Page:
At last night’s monthly community meeting at Mission Police Station, Captain Gaetano Caltagirone addressed an uptick in burglaries, car break-ins and overall crime in the district. But before the floor could open up to the concerns of the citizenry (and their accompanying dogs), Caltagirone announced the initiation of a “Sex Worker Abatement Unit.”
The unit, he said, is already in operation. Upon hearing this, one attendee spoke out in immediate support.
“It’s like night and day,” she said. “Whatever you are doing, please keep it up. It’s becoming like a residential area again.”
Residents living along Shotwell and Capp Streets have long been clamoring for enhanced patrols and police interdiction to stem prostitution on their doorstops.
And at Tuesday’s meeting, Caltagirone said the new unit was formed as a result of the complaints he received last month. The Sex Worker Abatement Unit, he continued, has already registered some arrests. Some 20 officers applied, but only four were selected, he noted.
According to Caltagirone, the unit has arrested “Johns” — men soliciting prostitutes — as well as pimps. Any ensnared sex workers, he said, have been offered services and assistance in getting out of the sex trade. These so-called LEADS — Law Enforcement Assistance Diversion — social programs will be offered instead of the usual arrest and citation process. Rather than a trip in the paddy wagon, one officer said, a car ride to the station and a social-worker visit are offered.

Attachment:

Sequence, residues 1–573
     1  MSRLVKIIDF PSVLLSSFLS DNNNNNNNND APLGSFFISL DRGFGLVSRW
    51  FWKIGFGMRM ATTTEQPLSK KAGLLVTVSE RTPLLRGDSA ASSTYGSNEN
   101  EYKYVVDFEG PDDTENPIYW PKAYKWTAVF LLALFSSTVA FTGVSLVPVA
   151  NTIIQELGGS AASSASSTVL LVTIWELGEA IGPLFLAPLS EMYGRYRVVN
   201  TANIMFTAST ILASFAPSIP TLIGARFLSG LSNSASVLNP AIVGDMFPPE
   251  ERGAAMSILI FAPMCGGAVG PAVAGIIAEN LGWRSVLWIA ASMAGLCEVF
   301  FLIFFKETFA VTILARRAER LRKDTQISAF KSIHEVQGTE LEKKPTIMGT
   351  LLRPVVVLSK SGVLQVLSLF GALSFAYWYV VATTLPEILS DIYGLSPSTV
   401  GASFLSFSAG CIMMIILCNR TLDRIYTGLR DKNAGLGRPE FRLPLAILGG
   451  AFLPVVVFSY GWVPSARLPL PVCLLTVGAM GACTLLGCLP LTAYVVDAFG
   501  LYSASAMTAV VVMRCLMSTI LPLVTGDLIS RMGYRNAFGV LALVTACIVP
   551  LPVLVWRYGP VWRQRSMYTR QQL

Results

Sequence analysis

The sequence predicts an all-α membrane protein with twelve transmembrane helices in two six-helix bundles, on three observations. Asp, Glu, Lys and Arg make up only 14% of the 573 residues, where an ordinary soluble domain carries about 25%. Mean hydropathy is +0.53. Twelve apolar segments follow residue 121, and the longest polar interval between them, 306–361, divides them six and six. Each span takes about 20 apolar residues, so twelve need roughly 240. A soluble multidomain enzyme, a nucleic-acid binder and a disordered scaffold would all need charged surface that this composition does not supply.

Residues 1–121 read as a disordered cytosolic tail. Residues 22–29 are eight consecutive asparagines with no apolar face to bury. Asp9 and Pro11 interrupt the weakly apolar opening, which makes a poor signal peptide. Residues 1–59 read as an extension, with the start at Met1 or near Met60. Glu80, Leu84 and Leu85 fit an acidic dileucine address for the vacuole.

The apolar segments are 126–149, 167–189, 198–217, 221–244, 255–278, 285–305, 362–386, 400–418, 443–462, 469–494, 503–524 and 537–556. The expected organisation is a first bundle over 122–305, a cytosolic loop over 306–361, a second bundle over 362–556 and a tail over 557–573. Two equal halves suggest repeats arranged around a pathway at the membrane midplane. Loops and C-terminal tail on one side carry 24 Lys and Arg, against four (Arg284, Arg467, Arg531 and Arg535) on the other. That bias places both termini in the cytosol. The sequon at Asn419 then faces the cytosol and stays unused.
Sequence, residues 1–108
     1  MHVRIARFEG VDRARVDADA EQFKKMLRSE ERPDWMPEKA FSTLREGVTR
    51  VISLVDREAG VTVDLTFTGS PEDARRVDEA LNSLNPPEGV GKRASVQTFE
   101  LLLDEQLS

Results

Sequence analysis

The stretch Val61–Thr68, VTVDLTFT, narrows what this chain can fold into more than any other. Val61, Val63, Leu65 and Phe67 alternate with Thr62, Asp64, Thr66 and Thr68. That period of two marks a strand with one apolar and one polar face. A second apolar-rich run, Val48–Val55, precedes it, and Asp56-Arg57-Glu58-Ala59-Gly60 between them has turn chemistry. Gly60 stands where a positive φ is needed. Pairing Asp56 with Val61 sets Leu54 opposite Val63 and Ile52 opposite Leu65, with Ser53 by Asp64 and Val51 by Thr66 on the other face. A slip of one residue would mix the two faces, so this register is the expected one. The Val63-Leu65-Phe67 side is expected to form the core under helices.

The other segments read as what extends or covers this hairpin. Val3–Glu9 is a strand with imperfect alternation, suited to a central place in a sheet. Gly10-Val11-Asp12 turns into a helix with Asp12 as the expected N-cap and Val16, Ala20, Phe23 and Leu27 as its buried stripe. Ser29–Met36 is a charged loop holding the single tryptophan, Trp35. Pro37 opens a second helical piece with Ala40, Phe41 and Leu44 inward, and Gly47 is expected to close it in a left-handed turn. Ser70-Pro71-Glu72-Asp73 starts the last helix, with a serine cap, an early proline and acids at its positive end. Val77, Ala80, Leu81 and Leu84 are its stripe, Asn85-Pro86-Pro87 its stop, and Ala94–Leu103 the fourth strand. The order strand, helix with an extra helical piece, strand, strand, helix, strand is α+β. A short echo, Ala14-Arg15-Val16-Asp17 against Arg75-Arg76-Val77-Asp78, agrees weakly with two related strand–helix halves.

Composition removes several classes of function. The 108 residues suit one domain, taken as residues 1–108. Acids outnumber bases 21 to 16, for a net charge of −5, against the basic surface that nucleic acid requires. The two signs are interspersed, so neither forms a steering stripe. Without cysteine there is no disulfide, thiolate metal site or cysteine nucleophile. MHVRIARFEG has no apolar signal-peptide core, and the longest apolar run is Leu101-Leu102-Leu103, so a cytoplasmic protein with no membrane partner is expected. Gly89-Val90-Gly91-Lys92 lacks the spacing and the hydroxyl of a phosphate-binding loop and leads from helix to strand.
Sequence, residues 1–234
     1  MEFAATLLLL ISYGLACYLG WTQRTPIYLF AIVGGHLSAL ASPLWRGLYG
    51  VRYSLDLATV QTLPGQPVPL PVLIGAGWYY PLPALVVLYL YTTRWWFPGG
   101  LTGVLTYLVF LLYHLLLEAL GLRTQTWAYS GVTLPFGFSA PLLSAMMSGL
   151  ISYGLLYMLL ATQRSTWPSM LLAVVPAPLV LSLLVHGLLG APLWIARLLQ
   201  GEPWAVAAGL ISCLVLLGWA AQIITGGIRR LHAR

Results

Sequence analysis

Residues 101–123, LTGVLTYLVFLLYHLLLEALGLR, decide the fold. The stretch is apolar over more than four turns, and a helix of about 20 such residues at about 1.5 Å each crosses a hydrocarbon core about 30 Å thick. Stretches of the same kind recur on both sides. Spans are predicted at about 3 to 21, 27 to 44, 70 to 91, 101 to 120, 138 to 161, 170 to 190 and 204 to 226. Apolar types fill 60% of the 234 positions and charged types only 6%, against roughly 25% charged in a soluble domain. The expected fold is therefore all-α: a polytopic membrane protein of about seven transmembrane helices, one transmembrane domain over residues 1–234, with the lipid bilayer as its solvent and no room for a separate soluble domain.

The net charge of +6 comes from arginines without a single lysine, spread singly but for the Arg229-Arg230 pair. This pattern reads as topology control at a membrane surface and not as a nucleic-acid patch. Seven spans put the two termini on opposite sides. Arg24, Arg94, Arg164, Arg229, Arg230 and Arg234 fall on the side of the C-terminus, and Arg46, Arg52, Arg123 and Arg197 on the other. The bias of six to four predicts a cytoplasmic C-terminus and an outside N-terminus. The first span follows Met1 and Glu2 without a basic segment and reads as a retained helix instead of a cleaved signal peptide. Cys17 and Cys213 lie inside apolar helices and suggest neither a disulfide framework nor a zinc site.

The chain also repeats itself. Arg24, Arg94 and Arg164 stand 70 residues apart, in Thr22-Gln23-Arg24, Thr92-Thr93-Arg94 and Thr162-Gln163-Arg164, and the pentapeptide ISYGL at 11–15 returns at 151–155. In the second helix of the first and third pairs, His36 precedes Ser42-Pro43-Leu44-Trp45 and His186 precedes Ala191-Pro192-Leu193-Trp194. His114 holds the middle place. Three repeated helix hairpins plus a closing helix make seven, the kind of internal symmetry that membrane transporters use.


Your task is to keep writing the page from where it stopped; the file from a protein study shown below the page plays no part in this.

This initiative, he said, was modeled after a pilot program in Seattle.
“Every time we encounter a sex worker, we ask them, ‘Do you have a pimp? Do you want to get out of this business?’” Caltagirone said.
This news was, by and large, well-received by the meeting attendees. A few people did express concerns that renewed attempts at prosecuting and enforcing laws along the two streets would unfairly target low-income people of color. The captain countered that the unit’s arrests covered a “wide range” of solicitors.
Tessa Brown, a Mission resident, pinned the rise of street prostitution on the closures of popular personal websites like Backpage, which ostensibly drove activity into the streets.
“I just wanted to push back at the idea that all neighbors agree that we should be arresting all sex workers and more clients of sex workers,” Brown said.
Instead, Brown suggested that decriminalization of sex work would reduce crime along those streets. Another attendee, Aaron Sunshine, chimed in and suggested the police ease up.
“Let’s just leave the sex workers alone,” Sunshine said.